40 Years Before “RuPaul’s Drag Race” There Was “The Queen.” Now The Iconic Documentary Is Back

"Where is Sabrina—I will sue the bitch!"

The camera pans to a fey young man preening before the mirror as half-dressed drag queens cluck and bitch around him. But it’s not an episode of RuPaul’s Drag Race—it’s The Queen, the 1968 documentary chronicling a drag pageant at New York’s Town Hall.

The Queen

While the sound quality gives away its age, The Queen is astonishingly modern: In between rehearsing for the Miss All-America Camp Beauty Contest, the girls talk about being queens, having boyfriends and husbands, transitioning, even serving in the military. And the drama we’ve come to expect from Drag Race is right there, too. If you think Shangela was robbed, wait until you hear Crystal LaBeija go off after losing the crown.

“Crystal didn’t care about how bad she would look—she knew she was right to be upset. That was all that mattered,” says All-Stars 3 queen Aja, who went as LaBeija for “Snatch Game.” “As someone who has faced racism in the drag community as well, I know she has taught me to own myself and stick up for myself when I need to.”

At the heart of the documentary, is that 24-year-old boy: Jack, better known as drag matron Flawless Sabrina, who both produced the pageant and narrates the film.

JOIN US! MAY 10, 2018 • 8:00pm In 1967, Jack Doroshow aka FLAWLESS SABRINA produced a legendary drag pageant at The Town Hall. It was documented in the film, "The Queen," which was selected for Cannes Film Festival in 1968 and came to be regarded as a landmark of queer culture. Over the years Flawless served as mother and mentor to hundreds of artists and musicians, and countless more people. On November 18, 2017 Flawless Sabrina passed away at age 78. The Town Hall celebrates the legacy. Featuring a screening of the film, followed by musical tributes by Taylor @taylormacnyc Mac, Justin Vivian Bond, @mxviv The House of Labeija @houseoflabeija and more. https://www1.ticketmaster.com/event/0300547613605A8A #mothersabrina #jackdoroshow #taylormac #drag #flawless #hailthequeen #icon #artsandculture #townhall #townhallnyc #youngpatronscircle #nextgeneration #connect #community #nyc #newyork #history #flawlesssabrina #performance #arts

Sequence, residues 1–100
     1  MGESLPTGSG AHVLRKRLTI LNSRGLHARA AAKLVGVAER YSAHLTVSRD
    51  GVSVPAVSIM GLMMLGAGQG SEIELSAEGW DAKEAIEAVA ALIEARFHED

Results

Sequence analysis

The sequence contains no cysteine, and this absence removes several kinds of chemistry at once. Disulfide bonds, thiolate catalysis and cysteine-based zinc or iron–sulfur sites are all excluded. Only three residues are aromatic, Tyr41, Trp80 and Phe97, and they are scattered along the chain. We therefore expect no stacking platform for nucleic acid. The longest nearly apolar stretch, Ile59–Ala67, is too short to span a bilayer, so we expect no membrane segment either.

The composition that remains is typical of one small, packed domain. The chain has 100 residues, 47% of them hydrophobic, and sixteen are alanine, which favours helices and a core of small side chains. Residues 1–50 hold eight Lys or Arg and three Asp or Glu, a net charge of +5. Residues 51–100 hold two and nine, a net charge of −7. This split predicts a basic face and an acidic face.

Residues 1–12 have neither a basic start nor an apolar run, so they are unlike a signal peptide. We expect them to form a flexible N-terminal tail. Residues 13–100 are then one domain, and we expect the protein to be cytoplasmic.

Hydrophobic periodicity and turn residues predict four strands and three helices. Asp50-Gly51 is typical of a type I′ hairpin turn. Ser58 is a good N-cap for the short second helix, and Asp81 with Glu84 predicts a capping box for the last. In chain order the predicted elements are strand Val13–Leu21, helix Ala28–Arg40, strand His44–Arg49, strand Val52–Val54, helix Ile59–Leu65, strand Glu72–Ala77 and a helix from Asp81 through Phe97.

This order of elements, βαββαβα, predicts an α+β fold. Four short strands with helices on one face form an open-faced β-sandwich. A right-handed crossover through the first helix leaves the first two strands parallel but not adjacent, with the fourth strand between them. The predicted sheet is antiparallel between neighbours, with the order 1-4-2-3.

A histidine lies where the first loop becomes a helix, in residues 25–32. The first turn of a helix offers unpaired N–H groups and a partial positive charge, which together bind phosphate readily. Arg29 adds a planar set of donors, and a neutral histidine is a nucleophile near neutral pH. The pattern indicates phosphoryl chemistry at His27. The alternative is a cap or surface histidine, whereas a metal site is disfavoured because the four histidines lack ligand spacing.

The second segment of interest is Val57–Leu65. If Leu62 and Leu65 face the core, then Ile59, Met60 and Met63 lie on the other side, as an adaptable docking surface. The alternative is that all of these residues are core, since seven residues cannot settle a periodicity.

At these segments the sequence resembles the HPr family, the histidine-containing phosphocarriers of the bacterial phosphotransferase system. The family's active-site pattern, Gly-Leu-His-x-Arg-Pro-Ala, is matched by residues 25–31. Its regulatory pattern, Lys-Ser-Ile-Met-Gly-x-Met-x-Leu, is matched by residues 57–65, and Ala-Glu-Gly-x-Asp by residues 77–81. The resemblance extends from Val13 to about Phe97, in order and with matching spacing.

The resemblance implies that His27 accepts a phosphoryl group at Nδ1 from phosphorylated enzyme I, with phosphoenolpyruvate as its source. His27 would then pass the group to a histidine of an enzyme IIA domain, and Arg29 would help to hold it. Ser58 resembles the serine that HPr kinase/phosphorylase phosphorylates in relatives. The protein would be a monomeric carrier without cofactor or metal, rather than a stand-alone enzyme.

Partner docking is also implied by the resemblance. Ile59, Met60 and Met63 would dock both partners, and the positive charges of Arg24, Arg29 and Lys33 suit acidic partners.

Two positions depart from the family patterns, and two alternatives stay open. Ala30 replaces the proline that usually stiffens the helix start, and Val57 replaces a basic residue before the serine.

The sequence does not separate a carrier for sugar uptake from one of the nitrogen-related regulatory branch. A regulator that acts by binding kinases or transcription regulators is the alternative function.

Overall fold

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Directed by Frank Simon, The Queen made a splash when it was first released, including a premiere at Cannes. Sabrina rubbed elbows with Warhol and the Factory superstars, and was photographed by Diane Arbus. In more recent years the film fell into obscurity but the rising fascination with drag culture has brought it back to the fore.

In fact, Aja impersonated Crystal on “Snatch Game” just this year.

RuPaul's Drag Race

Sabrina passed away on November 18 away at the age of 78. A flurry of articles after her death brought The Queen even more renewed interest, and prompted Town Hall artistic director M.A. Papper and downtown impresario Tigger! to plan a unique tribute: On May 10, A Flawless Night: Long Live the Queen comes to Town Hall, featuring a screening of the film followed by live performances by artists influenced by Sabrina.

“It was always just around,” Tigger! says of his first encounter with The Queen. “It was this video cassette that was just passed around. I already knew about Jackie Curtis and Holly Woodlawn, but this was something else entirely.”

The Queen

Years later, in the early 2000s, he actually met Flawless at the Cheez Whiz party at Parkside Lounge. “Not performing,” he clarifies. “She was—well, I wouldn’t say ’holding court’ because that wasn’t her style—but she was just hanging out.” A rapport developed and the two continued to see each other on the scene. Still it wasn’t for a few years that Tigger! connected the dots.

“I had already been to her apartment—which was this amazing, like, salon—when someone mentioned something about The Queen and I was like, ’Wait a minute, YOU’RE HER?!?”

He praises Sabrina, Crystal, Harlow, and the other queens in The Queen, not just for being great entertainers and foremothers to today’s queer nightlifers, but for their bravery: Homosexuality and cross-dressing were still against the law in the 1960s: Sabrina had been arrested dozens of times—she could have been arrested just for screening the film.

“The balls that it took to do those pageants back then,” Tigger! says. “It’s hard enough now, let alone then. Do it at Town Hall—and to have FILMED! That took chutzpah.”

Even as drag edges toward the mainstream, Aja says The Queen is essential viewing: “It highlights the underground-ness of drag back in the day and the difference between then and now. A lot of people don’t realize how that documentary shaped a lot of what drag is today without even trying.”

Sabrina stayed active in New York nightlife for decades, mentoring future generations of drag queens, burlesquers, musicians, and performance artists like Taylor Mac. Mac will perform at A Flawless Night, as will Justin Vivian Bond, Linda Simpson, and the House of Labeija. “All the performers represent performers Sabrina loved and supported,” he says. “We thought celebrating that would be a much better to honor her than with an evening of endless speeches.” Rather than a memorial, he adds, “We want to make the kind of show she would piss herself at.”

Long live The Queen.

A Flawless Night takes place May 10 at 8pm at Town Hall in New York.


Dan Avery is a writer-editor who focuses on culture, breaking news and LGBT rights. His work has appeared in Newsweek, The New York Times, Time Out New York, The Advocate and elsewhere.